However, as a psychiatrist dealing with struggling and worried families and young people I am also aware that many people are understandably keen to try pharmacological approaches when they feel (whether this is objectively true or not) that they have tried all that they can or perhaps having heard of others for whom they believe it was successful. To them I have the following advice:

Firstly, normalize your view of suffering. Western culture, perhaps as a result of advances in healthcare, pain management, temperature regulation of our buildings and so on, has much greater intolerance toward mental suffering than many other cultures. We now view growing up as a process loaded with risk and are more likely than ever to feel that it needs experts, like myself, to ‘know’ what kids need to grow up mentally healthy.

In the past few decades our trust in who had the best knowledge on how to help kids grow up, changed from being our own parents, grandparents and communities to professionals. As a result, the trials and tribulations of growing up have been increasingly ‘medicalized’ and turned into ‘disorders’ that are sometimes ‘treated’ with medications that have been given names like ‘anti-depressant’ to give the marketing illusion that they have specific properties that treat a disease.

Growing up is not a pain free process and I encourage everyone involved in looking after kids to focus less on their vulnerabilities and more on celebrating and recognizing their strengths, talents, skills (whatever these may be) and resisting the idea that there is something mentally ‘defective’ or ‘disordered’ about their child that sets them apart from the rest of us.

Secondly, if we wish to go down the route of trying a psychiatric medication, then I suggest the best way to view them is as enhanced placebos that function primarily as ‘enablers.’ The placebo response for psychiatric medications is higher than for any other class of medications and is the main basis for any effectiveness. In order to exploit this, I suggest setting some simple targets to work on prior to starting medication. Think about what changes you would like to see should the medication work and set an achievable goal to aim for after starting medication based on this.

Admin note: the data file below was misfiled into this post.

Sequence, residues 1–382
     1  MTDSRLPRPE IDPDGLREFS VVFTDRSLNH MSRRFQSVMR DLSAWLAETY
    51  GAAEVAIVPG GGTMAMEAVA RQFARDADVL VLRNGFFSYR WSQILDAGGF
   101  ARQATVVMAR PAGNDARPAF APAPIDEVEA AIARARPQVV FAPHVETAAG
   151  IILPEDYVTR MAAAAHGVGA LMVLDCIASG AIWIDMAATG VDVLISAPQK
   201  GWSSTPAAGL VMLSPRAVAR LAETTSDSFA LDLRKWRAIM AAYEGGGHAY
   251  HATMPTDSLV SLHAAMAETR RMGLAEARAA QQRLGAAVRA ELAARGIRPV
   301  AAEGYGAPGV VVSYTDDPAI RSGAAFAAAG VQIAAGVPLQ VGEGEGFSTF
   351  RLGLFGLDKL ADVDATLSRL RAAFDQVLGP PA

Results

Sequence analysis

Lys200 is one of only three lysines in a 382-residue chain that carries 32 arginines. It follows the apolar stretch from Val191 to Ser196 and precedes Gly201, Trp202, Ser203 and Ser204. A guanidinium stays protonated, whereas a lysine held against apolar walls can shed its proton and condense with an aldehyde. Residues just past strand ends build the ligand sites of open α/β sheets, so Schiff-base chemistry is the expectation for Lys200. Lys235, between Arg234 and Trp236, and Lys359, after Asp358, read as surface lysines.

For example, if you have withdrawn from your friends as a result of how you feel, you may wish to set the goal of contacting one friend during the week after you first start the medication. For stimulants it might be a little different as it’s often adults (parents and teachers typically) who are more keen on getting change than the young person themselves. Stimulants tend to narrow your field of focus and make you more absorbed in whatever task you are doing. If this improves a child’s behavior from the adult’s perspective, then use this as an opportunity to praise them and provide them with a different experience of how the adults around them respond to them.

As long as you can keep a positive attitude going it is likely eventually to result in that child having a shift in their identity and attitude (though not necessarily in the exuberance of their behavior). A useful metaphor here is that the medication will work in a similar way to plaster of Paris for a broken arm. The plaster of Paris has no direct healing effect on the broken bone, but rather it creates a context in which the healing takes place – it thus acts as an ‘enabler.’ Once its ‘enabling’ job is done it is no longer necessary.